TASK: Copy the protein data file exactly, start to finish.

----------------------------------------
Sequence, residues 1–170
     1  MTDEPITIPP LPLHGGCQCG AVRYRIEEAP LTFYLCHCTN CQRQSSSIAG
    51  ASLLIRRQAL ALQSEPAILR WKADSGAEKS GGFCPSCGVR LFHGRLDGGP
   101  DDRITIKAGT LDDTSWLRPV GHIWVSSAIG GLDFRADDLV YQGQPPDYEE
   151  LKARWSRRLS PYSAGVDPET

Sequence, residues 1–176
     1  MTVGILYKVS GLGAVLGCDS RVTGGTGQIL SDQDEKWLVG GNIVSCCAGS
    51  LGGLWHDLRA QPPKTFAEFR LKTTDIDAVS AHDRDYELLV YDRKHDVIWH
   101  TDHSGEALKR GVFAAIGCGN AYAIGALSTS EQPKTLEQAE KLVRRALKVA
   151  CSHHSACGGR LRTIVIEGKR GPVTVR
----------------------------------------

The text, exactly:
Sequence, residues 1–170
     1  MTDEPITIPP LPLHGGCQCG AVRYRIEEAP LTFYLCHCTN CQRQSSSIAG
    51  ASLLIRRQAL ALQSEPAILR WKADSGAEKS GGFCPSCGVR LFHGRLDGGP
   101  DDRITIKAGT LDDTSWLRPV GHIWVSSAIG GLDFRADDLV YQGQPPDYEE
   151  LKARWSRRLS PYSAGVDPET

Sequence, residues 1–176
     1  MTVGILYKVS GLGAVLGCDS RVTGGTGQIL SDQDEKWLVG GNIVSCCAGS
    51  LGGLWHDLRA QPPKTFAEFR LKTTDIDAVS AHDRDYELLV YDRKHDVIWH
   101  TDHSGEALKR GVFAAIGCGN AYAIGALSTS EQPKTLEQAE KLVRRALKVA
   151  CSHHSACGGR LRTIVIEGKR GPVTVR